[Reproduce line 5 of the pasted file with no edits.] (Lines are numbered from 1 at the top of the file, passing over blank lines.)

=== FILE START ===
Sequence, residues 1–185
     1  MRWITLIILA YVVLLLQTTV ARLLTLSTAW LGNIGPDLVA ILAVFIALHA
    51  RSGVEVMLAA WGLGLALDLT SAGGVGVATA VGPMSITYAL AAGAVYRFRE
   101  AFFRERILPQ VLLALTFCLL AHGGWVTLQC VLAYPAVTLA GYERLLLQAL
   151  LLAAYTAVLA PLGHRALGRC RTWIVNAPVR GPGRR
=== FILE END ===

   151  LLAAYTAVLA PLGHRALGRC RTWIVNAPVR GPGRR